Applying the right amount of tomato sauce or a perfect rim of jam on a cookie – this is a job for FoodJet, the specialist for precision pouring. Together with SICK and the SPEETEC 1D non-contact laser surface motion sensor, Foodjet is offering precision dosing and filling of foodstuffs, setting new standards for its customers.
Topping the pizza the right way: FoodJet uses non-contact measurement for its high-end pouring machine
In 2019, FoodJet had started to make its first contacts with big players in the food industry. Now, it is the other way around: It is the corporations that want to make appointments in Nijmegen in the Netherlands. “Our patented FoodJet technology for depositing viscous fluids is the only thing of its kind on the market,” says mechatronics engineer Emiel Gerrits from the research department. Together with his colleagues, he works on new innovations every day. Technology from SICK also plays an important role here.
Correctly applying chocolate
“With our solutions for precision molding, we cover three different functions: graphic decoration as well as the filling of surfaces and cavities. For example, chocolate lines and figures are applied better than would be possible by hand, meaning manufacturers can work more efficiently. We also offer a product for wafers. Since the machine pours some chocolate into each indentation of the wafer, the product can be sold for a higher price,” is how Gerrits describes the portfolio of FoodJet.
The company is especially successful with its solutions for filling surfaces. Gerrits explains: “Our machines can put a layer of tomato sauce on a pizza or crème fraîche on a tarte flambée, for example. When doing so, they precisely follow the shape of the respective dough. This makes it possible to fill the dough perfectly all the way to the edge.”
Accurate down to half a centimeter: Jam on a cookie
The employees of Nijmegen are happy about their success, but without overestimating it. They have long been working on new applications. “We have gained a lot of experience with foodstuffs with different viscosities. We can now also work with pesto, garlic butter and even jam, for example. No one can measure jam to within half a centimeter of a cookie edge as precisely as we can,” Gerrits explains with pride. FoodJet is also setting new standards in machine design. “One example is pressure control of our print heads. We are constantly improving this to increase the weight accuracy per drop and per application. This is how we achieve considerable cost savings for our customers,” says Gerrits.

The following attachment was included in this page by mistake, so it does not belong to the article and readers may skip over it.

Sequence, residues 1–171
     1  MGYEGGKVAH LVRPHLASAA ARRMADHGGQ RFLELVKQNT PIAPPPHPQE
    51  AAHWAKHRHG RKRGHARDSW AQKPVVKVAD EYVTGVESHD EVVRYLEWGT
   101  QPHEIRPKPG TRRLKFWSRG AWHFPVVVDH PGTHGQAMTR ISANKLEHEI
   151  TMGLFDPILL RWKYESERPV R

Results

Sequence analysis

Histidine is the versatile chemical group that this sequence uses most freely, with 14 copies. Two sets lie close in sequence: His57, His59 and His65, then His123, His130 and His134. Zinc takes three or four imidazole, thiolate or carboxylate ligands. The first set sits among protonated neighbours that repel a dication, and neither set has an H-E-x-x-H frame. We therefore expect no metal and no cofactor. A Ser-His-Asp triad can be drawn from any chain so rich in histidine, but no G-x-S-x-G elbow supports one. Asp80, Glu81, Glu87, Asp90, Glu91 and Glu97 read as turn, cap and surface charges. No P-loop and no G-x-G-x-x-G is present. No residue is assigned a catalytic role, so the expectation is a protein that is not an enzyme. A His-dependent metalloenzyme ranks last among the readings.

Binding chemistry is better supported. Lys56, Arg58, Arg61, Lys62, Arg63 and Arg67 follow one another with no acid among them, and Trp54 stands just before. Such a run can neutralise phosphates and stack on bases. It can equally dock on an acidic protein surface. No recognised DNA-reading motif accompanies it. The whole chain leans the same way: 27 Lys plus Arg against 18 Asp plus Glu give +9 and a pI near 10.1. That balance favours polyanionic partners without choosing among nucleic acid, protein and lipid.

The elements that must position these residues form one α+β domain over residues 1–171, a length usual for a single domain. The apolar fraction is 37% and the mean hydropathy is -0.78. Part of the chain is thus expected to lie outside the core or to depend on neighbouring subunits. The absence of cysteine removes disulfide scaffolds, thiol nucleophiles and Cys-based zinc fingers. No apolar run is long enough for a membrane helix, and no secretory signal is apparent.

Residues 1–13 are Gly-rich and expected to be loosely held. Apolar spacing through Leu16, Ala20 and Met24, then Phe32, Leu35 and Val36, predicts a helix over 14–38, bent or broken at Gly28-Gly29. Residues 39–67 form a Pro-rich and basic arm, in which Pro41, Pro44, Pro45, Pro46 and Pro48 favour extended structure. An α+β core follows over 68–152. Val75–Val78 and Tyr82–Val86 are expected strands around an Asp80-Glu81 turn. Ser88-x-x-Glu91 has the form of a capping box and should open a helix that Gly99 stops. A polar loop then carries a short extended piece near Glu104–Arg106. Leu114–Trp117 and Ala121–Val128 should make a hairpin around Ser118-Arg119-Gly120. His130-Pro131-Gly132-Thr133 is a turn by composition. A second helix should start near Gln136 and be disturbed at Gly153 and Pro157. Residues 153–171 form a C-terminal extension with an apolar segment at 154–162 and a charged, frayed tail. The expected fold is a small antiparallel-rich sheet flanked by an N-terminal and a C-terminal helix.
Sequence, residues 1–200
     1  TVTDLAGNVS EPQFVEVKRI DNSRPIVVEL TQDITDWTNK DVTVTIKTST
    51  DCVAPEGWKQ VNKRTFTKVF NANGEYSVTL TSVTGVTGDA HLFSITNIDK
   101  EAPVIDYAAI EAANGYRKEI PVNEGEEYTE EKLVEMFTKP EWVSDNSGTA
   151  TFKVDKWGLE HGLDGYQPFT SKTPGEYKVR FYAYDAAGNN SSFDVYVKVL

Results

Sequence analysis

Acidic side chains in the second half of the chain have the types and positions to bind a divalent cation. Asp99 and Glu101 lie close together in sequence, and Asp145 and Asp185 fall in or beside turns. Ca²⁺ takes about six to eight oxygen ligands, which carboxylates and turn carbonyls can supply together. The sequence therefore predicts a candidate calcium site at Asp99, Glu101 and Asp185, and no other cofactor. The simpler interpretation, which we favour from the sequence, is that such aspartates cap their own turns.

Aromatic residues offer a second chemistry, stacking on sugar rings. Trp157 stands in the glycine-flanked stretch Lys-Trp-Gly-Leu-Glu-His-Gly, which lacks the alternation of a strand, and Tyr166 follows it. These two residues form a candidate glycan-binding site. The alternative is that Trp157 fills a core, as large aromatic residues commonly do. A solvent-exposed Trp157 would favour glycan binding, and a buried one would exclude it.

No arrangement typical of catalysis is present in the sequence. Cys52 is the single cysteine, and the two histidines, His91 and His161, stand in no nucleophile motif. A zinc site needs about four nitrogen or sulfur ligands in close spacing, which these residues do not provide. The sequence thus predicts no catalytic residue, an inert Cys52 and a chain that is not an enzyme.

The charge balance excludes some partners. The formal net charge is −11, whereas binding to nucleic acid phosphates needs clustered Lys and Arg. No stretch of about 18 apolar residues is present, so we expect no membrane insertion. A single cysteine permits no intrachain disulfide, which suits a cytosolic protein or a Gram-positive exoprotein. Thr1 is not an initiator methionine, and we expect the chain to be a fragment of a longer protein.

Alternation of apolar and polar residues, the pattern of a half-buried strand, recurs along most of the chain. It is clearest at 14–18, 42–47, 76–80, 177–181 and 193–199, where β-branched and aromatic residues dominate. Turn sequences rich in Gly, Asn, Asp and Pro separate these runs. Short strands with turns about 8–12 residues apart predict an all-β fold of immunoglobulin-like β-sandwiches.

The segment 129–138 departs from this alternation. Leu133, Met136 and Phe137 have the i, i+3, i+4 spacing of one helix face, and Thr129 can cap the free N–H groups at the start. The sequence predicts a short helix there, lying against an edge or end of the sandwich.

Flexibility when changing from one conveyor belt to the next
The developers at FoodJet are also working on making the machines capable of being used for a wider range of applications. “With our mobile Depositor Large, we give our customers the option of printing foods on different conveyor belts. The only disadvantage is that the customer has to reset the encoder that transmits the speed of the conveyor belt every time,” is how Gerrits describes the challenge and adds: “Of course, you can assemble a separate encoder on each conveyor belt. But then a connection has to be made for each one. That’s why we checked whether a non-contact motion sensor could be used for our high-end pouring machine. We wanted to fulfill the requirements of customers who want even more flexibility when changing from one conveyor to the next.”
Successful development project with SICK
A non-contact motion sensor also works more accurately. “With the laser, we actually measure on the object whose motion we want to detect. With an encoder on the drive roller, for example, tire elasticity and slip have to be taken into account,” explains Gerrits.
As part of the development project, Gerrits got to know the SPEETEC from SICK as well as the non-contact motion sensor from another supplier: “Both performed their main function well, but compared to the SPEETEC from SICK, the other product was significantly less practical. It needed more space, used a separate controller module and, due to the higher laser class, required shielding. With the SPEETEC, none of that matters. The solution from SICK was also three times cheaper. So the decision was an easy one to make.”
Support and consultation from SICK
In addition to the SPEETEC, other components from SICK are also used at FoodJet. “For instance, we still use programmable encoders from SICK in many places. Magnetic switches, temperature, level, pressure and fork sensors from SICK can also be found in our products,” says Emiel Gerrits.
FoodJet is very satisfied with the support and service from SICK in the Netherlands: “As engineers, we like to get advice from SICK. If something doesn’t go according to plan, SICK takes care of it right away. When we tried out the SPEETEC for the first time, they promised us direct support. But in the end, we were able to handle the product well ourselves,” says the mechatronics engineer and adds: “We work here with a young team of dedicated engineers who not only suggest improvements, but also put them into practice. When we come up with a new idea, we test it ourselves. That’s how we make sure that everything we design for our customers also lives up to our own high standards.”